Oxford Professor Explains Wildfires, Shows How Electric SUV Racing Helped Tackle Them

Extreme E Racing in Sardinia 6 photos
Photo: Extreme E on YouTube
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If you’re thinking about the intense heat waves and their devastating effects we’ve seen in many countries lately, then you might want to hear what this Oxford University professor has to say about it all. Besides briefly dotting the i’s and crossing the t’s of climate change and its impact, the academician also illustrates how racing helps to fight against the effects rising temperatures.
In an interview with Extreme E – the off-road racing series where all-electric SUVs provide the thrills –, Oxford University professor Richard Washington answers why we’re dealing with climate change, points out the problems that arise globally because of it, and puts racing in the solutions category.

In his opinion, temperatures are rising globally because human activity led to an increase in greenhouse gas concentrations. He says it will only get warmer if we continue to produce these harmful gases. The rise in temperatures leads to heat waves, which is a problem for humanity and the environment.

According to the Environmental Protection Agency (EPA), carbon dioxide (CO2) represented 79% of the total greenhouse gas emission in 2020. And that’s with the land sector data excluded!

The professor underlines that higher temperatures lead to multiple problems. One of them is increased mortality because some people and animals can’t adapt fast enough to these conditions. The biological system can’t handle all the stress, and, simply put, it shuts down. Moreover, heat waves are affecting how we work. This is going to put a dent in productivity and might cause problems for companies and employees. Similarly, systems that we use constantly could fail and leave us without electricity, for example.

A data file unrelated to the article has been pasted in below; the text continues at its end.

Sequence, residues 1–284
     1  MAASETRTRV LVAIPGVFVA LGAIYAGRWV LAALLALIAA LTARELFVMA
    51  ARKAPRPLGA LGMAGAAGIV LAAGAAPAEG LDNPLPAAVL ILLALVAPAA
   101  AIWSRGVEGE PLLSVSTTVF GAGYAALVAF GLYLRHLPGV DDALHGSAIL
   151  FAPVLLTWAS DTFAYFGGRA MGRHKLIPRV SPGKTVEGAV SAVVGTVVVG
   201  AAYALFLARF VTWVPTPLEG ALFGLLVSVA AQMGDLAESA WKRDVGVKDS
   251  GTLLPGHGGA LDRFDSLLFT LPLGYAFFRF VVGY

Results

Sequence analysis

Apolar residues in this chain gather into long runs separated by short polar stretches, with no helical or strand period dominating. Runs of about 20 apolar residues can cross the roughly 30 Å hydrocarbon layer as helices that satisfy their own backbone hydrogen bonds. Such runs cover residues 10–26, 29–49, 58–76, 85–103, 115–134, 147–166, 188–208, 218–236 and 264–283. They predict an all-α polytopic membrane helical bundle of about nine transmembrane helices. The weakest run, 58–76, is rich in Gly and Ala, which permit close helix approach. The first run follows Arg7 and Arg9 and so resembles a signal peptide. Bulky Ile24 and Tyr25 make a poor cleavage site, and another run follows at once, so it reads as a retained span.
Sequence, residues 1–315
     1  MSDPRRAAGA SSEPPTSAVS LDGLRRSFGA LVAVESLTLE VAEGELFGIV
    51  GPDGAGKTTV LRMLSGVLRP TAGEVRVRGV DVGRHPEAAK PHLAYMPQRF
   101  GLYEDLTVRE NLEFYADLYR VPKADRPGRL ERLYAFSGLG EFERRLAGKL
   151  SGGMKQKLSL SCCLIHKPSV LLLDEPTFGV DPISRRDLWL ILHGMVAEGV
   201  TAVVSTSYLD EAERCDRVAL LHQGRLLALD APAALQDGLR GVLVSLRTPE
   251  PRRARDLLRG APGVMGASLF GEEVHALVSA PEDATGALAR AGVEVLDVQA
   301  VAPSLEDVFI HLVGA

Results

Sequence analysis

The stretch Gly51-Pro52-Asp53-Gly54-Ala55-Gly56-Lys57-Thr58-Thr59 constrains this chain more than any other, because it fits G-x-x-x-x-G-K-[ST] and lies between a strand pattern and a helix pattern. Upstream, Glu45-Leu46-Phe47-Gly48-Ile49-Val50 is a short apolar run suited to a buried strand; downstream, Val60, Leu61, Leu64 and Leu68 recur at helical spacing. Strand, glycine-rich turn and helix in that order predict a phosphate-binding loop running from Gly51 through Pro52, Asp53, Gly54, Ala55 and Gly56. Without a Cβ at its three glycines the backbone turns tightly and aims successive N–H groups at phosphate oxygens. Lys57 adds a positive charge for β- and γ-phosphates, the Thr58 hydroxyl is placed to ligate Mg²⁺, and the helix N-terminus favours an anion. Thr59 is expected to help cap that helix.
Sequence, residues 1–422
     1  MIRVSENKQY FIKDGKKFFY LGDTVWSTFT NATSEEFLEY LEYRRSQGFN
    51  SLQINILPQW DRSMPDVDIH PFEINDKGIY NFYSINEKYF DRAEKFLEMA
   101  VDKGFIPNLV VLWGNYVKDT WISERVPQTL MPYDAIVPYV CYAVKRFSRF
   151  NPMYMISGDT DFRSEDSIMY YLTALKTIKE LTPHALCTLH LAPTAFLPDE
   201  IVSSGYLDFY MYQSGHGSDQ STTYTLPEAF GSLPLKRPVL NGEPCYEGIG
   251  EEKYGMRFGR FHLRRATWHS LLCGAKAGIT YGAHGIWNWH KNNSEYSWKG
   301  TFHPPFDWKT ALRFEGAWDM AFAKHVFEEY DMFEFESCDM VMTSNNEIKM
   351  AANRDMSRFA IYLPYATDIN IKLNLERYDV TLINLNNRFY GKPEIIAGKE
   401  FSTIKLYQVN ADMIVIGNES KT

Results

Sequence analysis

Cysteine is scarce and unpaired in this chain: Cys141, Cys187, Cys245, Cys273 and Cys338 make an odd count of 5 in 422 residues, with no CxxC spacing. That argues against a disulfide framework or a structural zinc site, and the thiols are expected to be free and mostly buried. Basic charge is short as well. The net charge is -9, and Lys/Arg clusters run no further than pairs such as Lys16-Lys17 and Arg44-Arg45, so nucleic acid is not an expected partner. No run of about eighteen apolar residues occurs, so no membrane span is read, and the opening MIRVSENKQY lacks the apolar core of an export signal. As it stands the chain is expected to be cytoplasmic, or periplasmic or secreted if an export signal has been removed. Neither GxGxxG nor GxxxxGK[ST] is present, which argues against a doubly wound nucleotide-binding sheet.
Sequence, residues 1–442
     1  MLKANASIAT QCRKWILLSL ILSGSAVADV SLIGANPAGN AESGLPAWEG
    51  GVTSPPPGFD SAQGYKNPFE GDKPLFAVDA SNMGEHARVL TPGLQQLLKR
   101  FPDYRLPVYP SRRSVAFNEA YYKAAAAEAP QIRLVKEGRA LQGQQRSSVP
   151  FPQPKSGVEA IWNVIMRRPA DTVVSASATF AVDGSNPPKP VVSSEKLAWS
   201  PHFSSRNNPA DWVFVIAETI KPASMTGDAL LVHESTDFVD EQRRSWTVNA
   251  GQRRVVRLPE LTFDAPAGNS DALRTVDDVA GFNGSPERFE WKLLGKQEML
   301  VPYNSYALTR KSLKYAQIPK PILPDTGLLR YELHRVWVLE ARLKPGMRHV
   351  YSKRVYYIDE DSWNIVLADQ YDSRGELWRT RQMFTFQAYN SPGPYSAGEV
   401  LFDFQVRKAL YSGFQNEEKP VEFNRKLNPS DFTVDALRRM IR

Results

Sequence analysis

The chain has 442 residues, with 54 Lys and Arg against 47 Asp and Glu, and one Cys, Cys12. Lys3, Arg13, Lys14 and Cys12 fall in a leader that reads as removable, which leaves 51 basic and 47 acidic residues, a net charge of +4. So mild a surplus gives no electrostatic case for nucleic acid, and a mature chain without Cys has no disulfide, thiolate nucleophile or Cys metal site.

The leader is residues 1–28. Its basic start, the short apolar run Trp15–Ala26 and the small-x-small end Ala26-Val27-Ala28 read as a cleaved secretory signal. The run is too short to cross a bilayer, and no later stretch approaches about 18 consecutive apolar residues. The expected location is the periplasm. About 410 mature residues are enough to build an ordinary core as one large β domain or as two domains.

He gives the rail transport system as another example – heat causes deformation of the tracks. This leads to canceled trips and brings discomfort. Not even air travel is safe from heat waves. The runways can melt, and planes must land in other places while departures are being canceled until temperatures return to normal.

Washington says agriculture is also being affected by the increasing temperature. Draught is becoming a phenomenon experienced in multiple parts of the world, and farmers must deal with the consequences. In the end, without enough water for crops and other plantations, we risk entering a food crisis.

The Oxford professor underlines that dry weather and intense heat go hand in hand with a lack of rain. “Increased evaporation, clear skies, and sinking air stop any chance of rain,” said Washington.

Currently serving as Extreme E’s Head of the Scientific Committee, Richard Washington says the racing series helped with the fight against climate change and the effects of heat waves by sending people to plant olive trees in Sardinia. In addition, the all-electric motorsport and two partners installed a system that can detect forest fires “ultra-early.” It has been installed in the same Italian region that witnessed devastating forest fires. Last year, Extreme E and its partners like NASA or Microsoft helped with creating a wildfire mapping model that allows firefighters and other officials to know better where to intervene promptly before another disaster could happen.

The entire interview is available down below, which also includes the professor’s advice for those that want to stay clear of heat waves.
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About the author: Florin Amariei
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Car shows on TV and his father's Fiat Tempra may have been Florin's early influences, but nowadays he favors different things, like the power of an F-150 Raptor. He'll never be able to ignore the shape of a Ferrari though, especially a yellow one.
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